The problem with non-Marvel produced Marvel franchises (especially Fox-produced ones) is that without Kevin Feige they do not understand, or know, what their fans (and fanboys and fangirls) want. Instead, they focused on the character without the respect to the complicated his…

Isle of Dogs

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Wes Anderson’s latest film is a The Little Prince-esque fable that will definitively entertain all ages. The young ones for its visual splendour and child-like allegorical storytelling of good triumphing over evil; for the adults, the visual allure of Anderson’s signature symmetry and colour-styling, and the dry, deadpan humour peppered throughout the vague, political satire. And of course we have one of Alexandre Desplat’s best score stringing the whole move along, and boy does he have fun with the Japanese influences. 
This was a Japanese dystopian derived from the mind of Anderson. It appeared typically how a non-native, familiar, yet still ultimately a stranger, visualises and imagines Japan to be. Is it offensive? Not really except for his decision to have a white, American to be the heroine. Must the radical be not from the society? Must she be the only one to see the truth? Maybe if it was not about Japan it would not have been so bad...say North Korea? Or Russia? There was no g…

Avengers: Infinity War [3D/Atmos]

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Well, that was...over. Avengers: Infinity War was a fun film but it was not necessarily the best film in the MCU. However, kudos to the Russo brothers for carrying it off and delivering a superhero / Marvel film that serviced the fans and was also a good summer/popcorn tentpole blockbuster. With such a large cast, they did actually manage to give the fan/crowd favourites the most screen time but yet not neglect the others.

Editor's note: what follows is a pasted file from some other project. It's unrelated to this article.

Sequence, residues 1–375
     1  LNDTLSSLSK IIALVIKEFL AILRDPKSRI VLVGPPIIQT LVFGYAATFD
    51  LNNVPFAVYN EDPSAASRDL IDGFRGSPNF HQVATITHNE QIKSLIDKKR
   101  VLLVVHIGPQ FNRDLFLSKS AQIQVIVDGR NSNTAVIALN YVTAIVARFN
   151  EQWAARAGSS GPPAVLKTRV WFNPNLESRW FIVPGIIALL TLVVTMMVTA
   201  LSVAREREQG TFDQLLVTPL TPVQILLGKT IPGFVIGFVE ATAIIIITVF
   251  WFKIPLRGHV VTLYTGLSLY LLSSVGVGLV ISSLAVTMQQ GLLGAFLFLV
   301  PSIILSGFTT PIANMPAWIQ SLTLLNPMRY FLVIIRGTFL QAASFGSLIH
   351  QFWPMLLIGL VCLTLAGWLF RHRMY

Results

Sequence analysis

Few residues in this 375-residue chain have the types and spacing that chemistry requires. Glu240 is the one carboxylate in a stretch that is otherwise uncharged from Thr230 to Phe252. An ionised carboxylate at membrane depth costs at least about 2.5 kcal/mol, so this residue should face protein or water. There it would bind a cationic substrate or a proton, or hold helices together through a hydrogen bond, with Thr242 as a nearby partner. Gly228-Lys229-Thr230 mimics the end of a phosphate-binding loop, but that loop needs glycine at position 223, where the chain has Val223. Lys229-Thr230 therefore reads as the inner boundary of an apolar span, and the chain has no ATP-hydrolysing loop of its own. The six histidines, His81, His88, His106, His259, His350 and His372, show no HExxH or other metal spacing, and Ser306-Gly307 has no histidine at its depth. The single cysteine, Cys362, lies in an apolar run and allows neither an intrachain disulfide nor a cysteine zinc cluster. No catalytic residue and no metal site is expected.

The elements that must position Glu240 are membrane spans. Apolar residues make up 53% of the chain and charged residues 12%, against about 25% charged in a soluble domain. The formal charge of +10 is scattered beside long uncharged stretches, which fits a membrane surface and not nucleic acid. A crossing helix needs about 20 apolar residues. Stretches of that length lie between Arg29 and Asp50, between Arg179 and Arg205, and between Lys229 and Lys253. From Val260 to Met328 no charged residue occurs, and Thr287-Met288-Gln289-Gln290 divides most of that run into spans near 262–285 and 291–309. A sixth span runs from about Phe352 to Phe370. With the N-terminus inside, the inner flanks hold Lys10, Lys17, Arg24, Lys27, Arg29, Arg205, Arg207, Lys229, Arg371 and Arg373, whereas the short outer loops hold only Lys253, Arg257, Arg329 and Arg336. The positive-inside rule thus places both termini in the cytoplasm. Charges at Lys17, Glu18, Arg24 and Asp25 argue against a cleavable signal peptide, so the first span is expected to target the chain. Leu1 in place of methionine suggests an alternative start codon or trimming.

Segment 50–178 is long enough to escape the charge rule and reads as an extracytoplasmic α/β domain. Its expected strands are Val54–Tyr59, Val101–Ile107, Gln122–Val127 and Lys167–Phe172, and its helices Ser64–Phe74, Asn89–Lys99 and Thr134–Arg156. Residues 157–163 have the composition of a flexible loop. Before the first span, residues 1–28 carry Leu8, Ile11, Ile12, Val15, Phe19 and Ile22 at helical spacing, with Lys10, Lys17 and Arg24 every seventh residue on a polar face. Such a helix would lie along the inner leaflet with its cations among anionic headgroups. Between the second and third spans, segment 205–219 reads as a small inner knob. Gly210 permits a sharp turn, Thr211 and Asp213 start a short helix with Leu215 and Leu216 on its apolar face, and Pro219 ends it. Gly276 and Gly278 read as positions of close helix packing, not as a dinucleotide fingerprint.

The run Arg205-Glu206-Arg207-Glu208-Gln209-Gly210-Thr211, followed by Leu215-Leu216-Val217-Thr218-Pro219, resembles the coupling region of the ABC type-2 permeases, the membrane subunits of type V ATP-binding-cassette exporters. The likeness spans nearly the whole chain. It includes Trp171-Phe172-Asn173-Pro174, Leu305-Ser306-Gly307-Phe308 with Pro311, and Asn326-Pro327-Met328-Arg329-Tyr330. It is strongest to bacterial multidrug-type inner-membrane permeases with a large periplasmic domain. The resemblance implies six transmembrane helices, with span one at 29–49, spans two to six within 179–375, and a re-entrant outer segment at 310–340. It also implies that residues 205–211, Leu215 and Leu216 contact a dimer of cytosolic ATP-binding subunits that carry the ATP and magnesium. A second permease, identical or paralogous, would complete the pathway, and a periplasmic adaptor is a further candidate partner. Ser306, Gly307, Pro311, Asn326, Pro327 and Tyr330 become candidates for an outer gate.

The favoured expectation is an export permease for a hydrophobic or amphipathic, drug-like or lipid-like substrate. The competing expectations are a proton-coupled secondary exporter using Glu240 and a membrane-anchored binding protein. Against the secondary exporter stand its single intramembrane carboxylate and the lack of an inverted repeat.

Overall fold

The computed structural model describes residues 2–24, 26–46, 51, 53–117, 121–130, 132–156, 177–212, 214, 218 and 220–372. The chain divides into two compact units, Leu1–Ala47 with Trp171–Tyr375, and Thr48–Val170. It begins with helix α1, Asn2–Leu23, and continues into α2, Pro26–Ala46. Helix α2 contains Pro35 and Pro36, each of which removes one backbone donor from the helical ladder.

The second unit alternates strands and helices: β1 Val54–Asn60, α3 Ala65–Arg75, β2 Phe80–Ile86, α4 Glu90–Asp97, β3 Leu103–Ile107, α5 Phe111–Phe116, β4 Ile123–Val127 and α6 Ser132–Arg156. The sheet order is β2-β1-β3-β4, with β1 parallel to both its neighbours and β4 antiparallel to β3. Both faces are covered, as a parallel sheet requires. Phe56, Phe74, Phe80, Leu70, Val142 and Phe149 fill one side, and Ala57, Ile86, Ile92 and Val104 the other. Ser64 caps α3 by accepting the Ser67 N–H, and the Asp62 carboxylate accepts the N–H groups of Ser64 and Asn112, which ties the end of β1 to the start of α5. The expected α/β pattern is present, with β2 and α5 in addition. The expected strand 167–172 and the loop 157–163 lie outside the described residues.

Sure, they were a couple of scenes where logic fails (which was to be expected) and some moments that dragged on longer than necessary (inevitable with a 149 minutes runtime), however, one important aspect that A:IW had was an emotional weight that held the narrative together. The story had consequences. There was a cost and heroes do die, although the Russo brothers - and Kevin Feige - could have been more cruel and brutal, and also creatively braver. Maybe in the sequel.

Speaking of which, for once - and possibly due to the pending sequel - the MCU has developed …

Annihilation

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What a pity non-Americans do not get to watch Alex Garland’s follow-up to “Ex-Machina” on the big screen. But thankfully we have Netflix saving the day. Other than perhaps losing the sense of scope and sound design, “Annihilation” did translate rather well to the small screen. And, boy, fans of smart, intelligent sci-fi should watch this! 
This was definitely not “The Cloverfield Paradox”. “Annihilation” was definitely not dumbed down and was led by a quintet of smart, strong women/actress with nary a male in sight other than to play supporting, almost sexualised, roles. But at least, they cast Oscar Isaac, and his crazy-expressive eyes, who was great in his minimal scenes. 
If this film had the visual panache and style of Dennis Villeneuve’s “Arrival” (read: budget), coupled with a more emotional-centric (read: Hollywood-esque) script, than it might have been more acceptable in the mainstream and not been relegated to Netflix. 
Natalie Portman definitely had the depth and range to handl…